Statistical analyses were performed using the software Statistica version 8.0 (StatSoft Inc.) to evaluate the existence of significant differences in the porosity (One-way ANOVA) and morphometrics (DAC, CD, TT and SL - nested ANOVA with 'fragment' as a nested variable) of coral fragment skeletons grown in the different light treatments (T5, LED and LEP, used as categorical factor) for each coral species. Assumptions of normality and homogeneity of variance were checked prior to the analysis through the Shapiro-Wilk and Levene tests, respectively. Tukey HSD post-hoc comparisons were used to determine the existence of significant differences between each species coral skeletons morphometry in the different light treatments.

Morphometric data of both species was also analyzed using principal coordinates ordination (PCO). The PCO was used to describe overall relationship among the A. formosa and S. pistillata grown in the different light treatments, respectively. The raw data matrix of morphometric data was first log (x+1) transformed, as this procedure places more emphasis on compositional differences among samples rather than on quantitative differences. After this transformation, a similarity/difference matrix was constructed using the Euclidean distance. The obtained plots (1 for each coral species) represented the distribution of specimens from the 3 light treatments according to their DAC, CD, TT and SL, together with the eigenvectors with a multiple correlation higher than 0.2. The displayed eigenvectors correspond to the obtained eigenvalues, which reflect the amount of variance explained by the PCO. Similarity percentages (SIMPER) were also explored to examine the similarity within each light treatment for each coral species. All multivariate analyses were performed using PRIMER v6 with PERMANOVA add-on (Primer-E, Ltd., Plymouth, UK).

Results

At the end of the experiment the survival rate was 100% in all light treatments for both species. The results of porosity, imaging by scanning electron microscopy and morphometric analyses are presented below.

Porosity

No significant differences were registered in the porosity of the skeletons of the monoclonal fragments of A. formosa (45.32±7.59%, 53.63±5.34% and 52.45±2.41% for T5, LED and LEP, respectively; DF = 2, F = 1.980, p = 0.2186) or S. pistillata (27.52±1.58%, 25.61±0.68% and 27.06±3.82%, for T5, LED and LEP respectively; DF = 2, F = 0.508, p = 0.6255) grown under the different light treatments. However, in all light treatments, the porosity of A. formosa skeletons was significantly higher when compared with that of S. pistillata (p<0.005).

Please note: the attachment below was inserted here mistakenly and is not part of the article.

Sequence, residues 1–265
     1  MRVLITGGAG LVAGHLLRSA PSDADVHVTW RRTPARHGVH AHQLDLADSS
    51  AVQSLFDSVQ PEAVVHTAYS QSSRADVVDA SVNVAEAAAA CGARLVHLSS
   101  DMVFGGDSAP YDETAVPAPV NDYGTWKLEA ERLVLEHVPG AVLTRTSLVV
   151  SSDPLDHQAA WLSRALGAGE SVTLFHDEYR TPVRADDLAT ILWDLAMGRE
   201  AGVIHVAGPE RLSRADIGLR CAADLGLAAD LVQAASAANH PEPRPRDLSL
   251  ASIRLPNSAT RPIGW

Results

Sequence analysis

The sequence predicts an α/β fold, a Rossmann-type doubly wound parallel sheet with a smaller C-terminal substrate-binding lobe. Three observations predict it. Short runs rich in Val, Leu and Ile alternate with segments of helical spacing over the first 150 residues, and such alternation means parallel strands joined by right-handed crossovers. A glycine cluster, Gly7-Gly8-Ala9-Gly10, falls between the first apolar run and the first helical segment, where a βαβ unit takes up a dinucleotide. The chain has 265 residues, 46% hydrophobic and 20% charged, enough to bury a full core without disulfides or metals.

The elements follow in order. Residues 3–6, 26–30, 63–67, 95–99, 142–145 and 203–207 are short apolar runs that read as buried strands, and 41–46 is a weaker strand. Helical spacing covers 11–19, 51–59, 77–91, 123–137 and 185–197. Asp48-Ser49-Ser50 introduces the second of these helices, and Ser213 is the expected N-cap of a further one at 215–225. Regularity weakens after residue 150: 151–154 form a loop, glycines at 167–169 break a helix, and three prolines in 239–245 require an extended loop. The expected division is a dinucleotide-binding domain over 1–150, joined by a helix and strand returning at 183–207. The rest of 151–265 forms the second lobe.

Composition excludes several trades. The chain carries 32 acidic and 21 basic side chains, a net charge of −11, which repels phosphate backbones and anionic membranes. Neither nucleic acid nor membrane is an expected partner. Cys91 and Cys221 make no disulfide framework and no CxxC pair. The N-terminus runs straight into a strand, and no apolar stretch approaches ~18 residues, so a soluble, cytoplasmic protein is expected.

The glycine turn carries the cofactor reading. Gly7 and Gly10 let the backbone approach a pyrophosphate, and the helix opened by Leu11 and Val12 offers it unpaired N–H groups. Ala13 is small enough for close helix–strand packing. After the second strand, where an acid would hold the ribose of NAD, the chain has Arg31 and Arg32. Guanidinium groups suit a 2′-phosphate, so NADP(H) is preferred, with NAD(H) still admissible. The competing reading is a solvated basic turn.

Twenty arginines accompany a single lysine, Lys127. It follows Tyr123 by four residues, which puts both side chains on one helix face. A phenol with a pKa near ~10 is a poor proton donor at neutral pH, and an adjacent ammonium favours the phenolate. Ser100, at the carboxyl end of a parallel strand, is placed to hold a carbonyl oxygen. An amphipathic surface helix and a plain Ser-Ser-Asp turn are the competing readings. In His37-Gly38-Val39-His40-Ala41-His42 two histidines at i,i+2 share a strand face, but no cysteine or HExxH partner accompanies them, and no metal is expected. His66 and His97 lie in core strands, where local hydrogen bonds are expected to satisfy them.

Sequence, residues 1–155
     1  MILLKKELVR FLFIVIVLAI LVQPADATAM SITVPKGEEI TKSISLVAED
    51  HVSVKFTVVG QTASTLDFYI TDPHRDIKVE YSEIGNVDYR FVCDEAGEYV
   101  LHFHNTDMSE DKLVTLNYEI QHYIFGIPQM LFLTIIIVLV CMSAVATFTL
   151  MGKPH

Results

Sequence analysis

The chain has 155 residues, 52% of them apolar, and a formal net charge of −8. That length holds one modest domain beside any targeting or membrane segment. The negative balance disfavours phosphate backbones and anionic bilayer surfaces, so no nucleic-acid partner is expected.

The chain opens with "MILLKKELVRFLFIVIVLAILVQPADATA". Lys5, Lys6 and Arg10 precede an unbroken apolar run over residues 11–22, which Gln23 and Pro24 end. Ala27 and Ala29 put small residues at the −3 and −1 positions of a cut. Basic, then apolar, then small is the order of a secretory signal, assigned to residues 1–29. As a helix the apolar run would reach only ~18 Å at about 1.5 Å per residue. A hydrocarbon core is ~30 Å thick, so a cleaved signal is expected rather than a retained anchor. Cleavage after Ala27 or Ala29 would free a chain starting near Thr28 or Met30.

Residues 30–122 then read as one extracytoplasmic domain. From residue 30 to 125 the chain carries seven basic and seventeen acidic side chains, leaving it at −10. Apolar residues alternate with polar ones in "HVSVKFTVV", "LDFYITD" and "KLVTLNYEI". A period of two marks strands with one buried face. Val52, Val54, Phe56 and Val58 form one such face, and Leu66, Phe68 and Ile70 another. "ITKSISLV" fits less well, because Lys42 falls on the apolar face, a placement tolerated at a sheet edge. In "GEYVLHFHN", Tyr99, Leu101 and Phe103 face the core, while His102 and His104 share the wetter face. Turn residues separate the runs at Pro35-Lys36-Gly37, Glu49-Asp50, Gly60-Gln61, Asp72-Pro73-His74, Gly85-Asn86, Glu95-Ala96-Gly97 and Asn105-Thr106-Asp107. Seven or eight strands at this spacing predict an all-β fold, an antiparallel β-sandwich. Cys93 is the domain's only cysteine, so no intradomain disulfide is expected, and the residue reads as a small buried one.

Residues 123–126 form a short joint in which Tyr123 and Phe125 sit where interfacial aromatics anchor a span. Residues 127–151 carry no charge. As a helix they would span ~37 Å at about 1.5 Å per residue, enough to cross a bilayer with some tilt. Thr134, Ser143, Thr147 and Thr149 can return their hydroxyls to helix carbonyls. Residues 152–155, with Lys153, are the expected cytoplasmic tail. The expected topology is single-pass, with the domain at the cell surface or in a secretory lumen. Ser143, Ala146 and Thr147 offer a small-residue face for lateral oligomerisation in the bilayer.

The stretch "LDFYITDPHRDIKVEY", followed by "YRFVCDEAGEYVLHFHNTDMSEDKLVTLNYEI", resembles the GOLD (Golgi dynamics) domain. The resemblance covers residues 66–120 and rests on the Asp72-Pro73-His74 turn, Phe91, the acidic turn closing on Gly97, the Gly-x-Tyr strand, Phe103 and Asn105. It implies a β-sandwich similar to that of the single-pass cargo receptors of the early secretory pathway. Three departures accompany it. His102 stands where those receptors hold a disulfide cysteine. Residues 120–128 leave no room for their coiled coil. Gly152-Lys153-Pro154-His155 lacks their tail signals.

Evaluation by SEM

At the end of the experiment, A. formosa fragments displayed an arborescent-like growth in all light treatments, with original primary branch projecting new branches containing one axial corallite, surrounded by radial corallites. Scanning electron microphotographs (magnification 30×) of corallites from both species kept under different light treatments are presented in figure 1. We selected solely one image for each species per light treatment, as corallite patterns were similar within each light treatment for both species. Additionally we provide two supplementary figures with images of three coral fragments from each light treatment for both coral species (Figure S1 and S2 for A. formosa and S. pistillata, respectively). A. formosa skeletons from LED treatment evidenced corallites with larger diameter (Figure 1) and depth, which evidenced a structure with "synapticulothecate" [34] walls [35]. The costae of those radial corallites evidenced a large and defined structure running up the outside corallites wall. Corallites from skeletons of coral fragments stocked under T5 and LEP lighting presented a structure with lower size, and not as salient as corallites from coral fragments stocked under LED lighting. The costae of corallites from T5 and LEP lack presented a smaller structure mostly composed by spinules.